skip to Main Content

Furnace or Heat Pump? Which One Should You Choose?

The temperatures are dropping and there’s nothing better than coming into a nice warm house after freezing in the crisp, cold air. Some people LOVE winter and the icy temperature it brings, but nobody wants their house to be freezing. Deciding which is the best method to heat your house with can be difficult with all the new heating and cooling technology available on the market. At Wulf Brothers, we offer various solutions including heat pumps, furnaces, and geothermal heat pump capabilities. Each of these options has a few pros and cons when compared to the other, making it important to choose the right one for you.

What’s the Difference?

Heat Pumps
Unlike a furnace, a heat pump does not use fuel to generate heat. In fact, a heat pump doesn’t generate much heat at all. Instead, it pulls heat from the outside air, and warms your home more slowly. A heat pump also has the ability to work as an air conditioning unit to cool your home.

To understand how a heat pump works, consider that your air conditioning is not purely about blowing cold air into your home, but rather about removing the warm air from your home and replacing it with cooler air. In essence, a heat pump is an air conditioning unit that reverses its refrigeration cycle to fill your home with heat, instead of removing it.

Heat pumps are best for homeowners who live in climates that don’t see long, cold winters, but still experience short periods of cold weather. Other advantages heat pumps have over furnaces are that they typically cost less to install and operate more quietly.

A furnace relies on a fuel source and fan to heat your home. The fuel source, often oil or natural gas, burns in a combustion chamber. The hot air is then forced through your ductwork and into your home with a fan. Because a furnace uses flames to create heat, it blows much warmer air than a heat pump.

Furnaces are the most popular residential heating choice in the country, according to the U.S. Department of Energy. However, due to mild winters, heat pumps are more popular in much of the southeastern region of the country.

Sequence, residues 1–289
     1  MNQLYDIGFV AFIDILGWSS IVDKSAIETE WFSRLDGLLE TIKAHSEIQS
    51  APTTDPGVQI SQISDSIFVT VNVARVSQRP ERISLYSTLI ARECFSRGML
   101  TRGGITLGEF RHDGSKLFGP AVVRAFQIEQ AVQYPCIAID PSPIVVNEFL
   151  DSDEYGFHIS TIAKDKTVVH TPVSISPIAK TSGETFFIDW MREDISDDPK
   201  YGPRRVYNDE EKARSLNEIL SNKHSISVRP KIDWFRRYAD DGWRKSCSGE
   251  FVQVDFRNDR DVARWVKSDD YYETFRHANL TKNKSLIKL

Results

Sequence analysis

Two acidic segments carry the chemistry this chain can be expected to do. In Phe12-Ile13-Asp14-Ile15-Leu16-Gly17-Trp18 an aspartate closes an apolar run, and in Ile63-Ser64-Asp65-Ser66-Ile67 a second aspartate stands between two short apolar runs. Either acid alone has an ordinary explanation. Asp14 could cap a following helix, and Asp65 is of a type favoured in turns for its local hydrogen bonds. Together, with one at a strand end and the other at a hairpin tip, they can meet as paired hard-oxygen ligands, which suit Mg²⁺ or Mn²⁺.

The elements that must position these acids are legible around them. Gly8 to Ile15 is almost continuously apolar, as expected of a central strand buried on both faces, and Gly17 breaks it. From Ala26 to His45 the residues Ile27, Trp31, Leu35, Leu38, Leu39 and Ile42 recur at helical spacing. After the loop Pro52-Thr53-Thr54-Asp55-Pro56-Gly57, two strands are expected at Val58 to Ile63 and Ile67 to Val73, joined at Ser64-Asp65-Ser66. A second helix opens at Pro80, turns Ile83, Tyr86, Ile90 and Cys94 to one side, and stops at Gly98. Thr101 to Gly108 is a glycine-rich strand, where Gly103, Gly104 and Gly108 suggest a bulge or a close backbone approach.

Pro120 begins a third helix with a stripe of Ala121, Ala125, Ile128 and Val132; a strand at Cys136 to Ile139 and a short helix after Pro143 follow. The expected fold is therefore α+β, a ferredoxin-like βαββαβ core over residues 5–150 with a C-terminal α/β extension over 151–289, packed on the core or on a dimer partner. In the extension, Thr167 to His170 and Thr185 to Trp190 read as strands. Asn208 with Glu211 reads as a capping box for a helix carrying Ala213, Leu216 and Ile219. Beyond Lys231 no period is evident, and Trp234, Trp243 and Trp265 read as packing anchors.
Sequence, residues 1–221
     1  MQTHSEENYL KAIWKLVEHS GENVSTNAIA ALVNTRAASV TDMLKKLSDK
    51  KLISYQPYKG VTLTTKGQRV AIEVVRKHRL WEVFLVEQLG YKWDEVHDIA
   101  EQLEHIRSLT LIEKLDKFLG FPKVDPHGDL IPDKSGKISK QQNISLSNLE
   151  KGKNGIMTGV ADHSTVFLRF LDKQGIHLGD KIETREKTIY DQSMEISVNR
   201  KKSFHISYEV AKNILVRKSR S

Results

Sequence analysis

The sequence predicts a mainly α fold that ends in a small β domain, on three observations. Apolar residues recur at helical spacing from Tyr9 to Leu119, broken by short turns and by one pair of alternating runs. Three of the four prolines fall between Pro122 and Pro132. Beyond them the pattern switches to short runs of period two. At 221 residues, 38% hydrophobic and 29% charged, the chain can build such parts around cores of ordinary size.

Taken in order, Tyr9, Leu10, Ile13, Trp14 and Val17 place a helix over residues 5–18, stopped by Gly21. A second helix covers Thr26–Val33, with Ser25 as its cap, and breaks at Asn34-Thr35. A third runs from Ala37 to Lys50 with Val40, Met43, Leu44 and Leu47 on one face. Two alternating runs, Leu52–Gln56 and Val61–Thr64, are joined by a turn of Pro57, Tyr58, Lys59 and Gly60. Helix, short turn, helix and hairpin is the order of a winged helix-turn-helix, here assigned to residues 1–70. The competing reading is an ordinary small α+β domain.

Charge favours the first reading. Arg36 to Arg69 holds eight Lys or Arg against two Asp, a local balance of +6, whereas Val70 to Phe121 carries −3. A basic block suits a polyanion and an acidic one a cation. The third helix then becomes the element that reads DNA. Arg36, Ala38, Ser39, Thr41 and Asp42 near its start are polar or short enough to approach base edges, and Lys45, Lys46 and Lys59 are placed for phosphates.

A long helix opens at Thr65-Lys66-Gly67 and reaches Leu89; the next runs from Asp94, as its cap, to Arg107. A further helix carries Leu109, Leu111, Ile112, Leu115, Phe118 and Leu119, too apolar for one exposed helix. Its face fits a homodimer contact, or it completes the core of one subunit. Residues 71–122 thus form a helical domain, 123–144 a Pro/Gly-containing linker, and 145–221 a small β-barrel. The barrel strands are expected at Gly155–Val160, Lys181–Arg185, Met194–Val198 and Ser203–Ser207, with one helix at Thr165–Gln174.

A furnace has fewer mechanical parts than a heat pump, meaning it’s at less risk of breaking down, requires less maintenance and has a longer lifespan on average. Furnaces are less energy efficient than heat pumps, but ideal for homeowners who use natural gas or want warmer air. Furnaces have become more energy efficient over the years, but homes with a furnace also require a separate air conditioning unit to cool the house.

Which One is Better?
When deciding between the two, there are several factors you must consider:
What sort of climate do you live in?
How energy efficient do you want your system to be?
Do you need to install underground piping?
Gas or electric?

With all of that in mind, the most important thing is how often the temperatures will be dropping below freezing in your area. In northern climates like in Door County, where the temperatures drop and stay below freezing, you will find that many homes are heating via a furnace. Because a furnace is kept out of the cool air, it has to work less in order to create the heat needed in your home. They are very stable and effective in very cold climates.

If you own a home in an area with warmer climates and milder winters, you may want to choose a heat pump. A large advantage of these is that they both heat and cool. These can be significantly more energy efficient in warmer climates, but can sometimes struggle to keep up in very low temperatures.

Other Heating Options

In addition to using a heat pump or furnace, you can also heat your home efficiently through geothermal heating.

Geothermal Heat Pumps
These geothermal heat pumps are run underground and can heat and cool your home. Some can even be used to heat water for your home and even a pool! Because the pipes are underground, they are kept at a constant temperature making it easier for them to create heat or cool air.

With all of these different options available to you, the experts at Wulf Brothers can guide you through the process of deciding which heat source is best for you, and make sure that we keep you nice and warm this winter!

Wulf Brothers. At your door when you need us: 800-743-5587

Back To Top